When the British began to impose their dominance and supremacy on the former monarchs in 1761, the kings were required to obtain permission from the British ruler before purchasing or collecting even a rifle.

However, modernisation of the administrative system in 'Independent Hill Tipperah' began in the aftermath of various administrative changes established by Raja Birchandra Manikya in the line of British administration during his dictatorship from 1862 to 1896. Because there was no judicial procedure, the courts of Tripura delivered justice according to a rudimentary system of fairness and good conscience till 1873-74. Following that, the Tripura King enacted the Acts of Government of Bengal and the Acts of British India. In 1873-74, nine acts were approved, including the Criminal Procedure Code, the Police Code, the Cattle Trespass Act, and the Civil Procedure Code, among others.

According to the inaugural Annual Administrative Report of the Political Agency of Hill Tipperah in 1872, the Raja's police force numbered around 200 men. In the Civil Police, there were four Darogas, 37 Jamadars/other officials, and 173 burkandazes. Thanas and Outposts were counted as 8 and 10, respectively.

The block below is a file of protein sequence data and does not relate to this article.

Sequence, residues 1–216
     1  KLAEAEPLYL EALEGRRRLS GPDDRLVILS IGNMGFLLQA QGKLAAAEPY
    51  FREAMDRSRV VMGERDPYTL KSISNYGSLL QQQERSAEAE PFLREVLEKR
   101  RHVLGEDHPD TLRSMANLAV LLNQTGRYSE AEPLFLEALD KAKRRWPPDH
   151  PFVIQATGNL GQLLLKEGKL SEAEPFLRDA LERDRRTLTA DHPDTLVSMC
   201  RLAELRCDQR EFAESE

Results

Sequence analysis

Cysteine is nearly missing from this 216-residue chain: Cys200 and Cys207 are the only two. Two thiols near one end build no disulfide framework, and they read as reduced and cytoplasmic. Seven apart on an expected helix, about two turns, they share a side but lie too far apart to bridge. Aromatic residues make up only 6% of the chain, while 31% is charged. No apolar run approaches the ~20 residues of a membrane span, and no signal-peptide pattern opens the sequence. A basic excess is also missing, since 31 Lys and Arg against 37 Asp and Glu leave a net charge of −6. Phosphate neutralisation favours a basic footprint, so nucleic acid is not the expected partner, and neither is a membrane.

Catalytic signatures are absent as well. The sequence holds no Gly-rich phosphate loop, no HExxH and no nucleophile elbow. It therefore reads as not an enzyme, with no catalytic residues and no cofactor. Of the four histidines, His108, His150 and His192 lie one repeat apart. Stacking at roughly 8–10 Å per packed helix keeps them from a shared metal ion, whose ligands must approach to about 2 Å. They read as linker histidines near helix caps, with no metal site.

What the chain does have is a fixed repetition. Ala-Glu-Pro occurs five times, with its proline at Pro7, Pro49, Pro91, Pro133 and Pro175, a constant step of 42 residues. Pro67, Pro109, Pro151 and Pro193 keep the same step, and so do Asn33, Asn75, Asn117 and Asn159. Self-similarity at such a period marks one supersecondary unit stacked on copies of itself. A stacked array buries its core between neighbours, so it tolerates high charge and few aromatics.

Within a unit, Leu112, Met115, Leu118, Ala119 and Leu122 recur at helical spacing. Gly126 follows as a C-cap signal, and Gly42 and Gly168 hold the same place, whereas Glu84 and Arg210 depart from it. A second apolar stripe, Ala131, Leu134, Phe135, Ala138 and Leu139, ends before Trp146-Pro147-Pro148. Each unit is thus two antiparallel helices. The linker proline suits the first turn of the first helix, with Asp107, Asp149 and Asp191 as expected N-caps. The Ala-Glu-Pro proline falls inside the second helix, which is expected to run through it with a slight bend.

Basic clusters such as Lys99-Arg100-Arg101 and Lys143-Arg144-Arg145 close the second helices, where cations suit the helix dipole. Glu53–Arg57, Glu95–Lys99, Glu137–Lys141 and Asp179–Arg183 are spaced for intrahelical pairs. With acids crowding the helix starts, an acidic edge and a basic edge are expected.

According to the administrative report for the year 1884-85, the Magistrate of Agartala was in control of the whole police force of the State, with three headquarters located in Agartala, Sonamura, and Kailashahar, each led by one Inspector who reported to the Magistrate of Agartala. According to the norms in effect in British territory, each Thana was assigned to a Sub-Inspector, and each Outpost was assigned to a Jamadar or Head Constable. Throughout all, there were 18 Thanas and 4 Outposts in the state.

Following Annual Reports indicated that the number of Thanas and Outposts, as well as the overall strength of the Police force, varied according to the existing law and order situation and other difficulties. In general, each Thana had an average of 1 officer and 5 soldiers.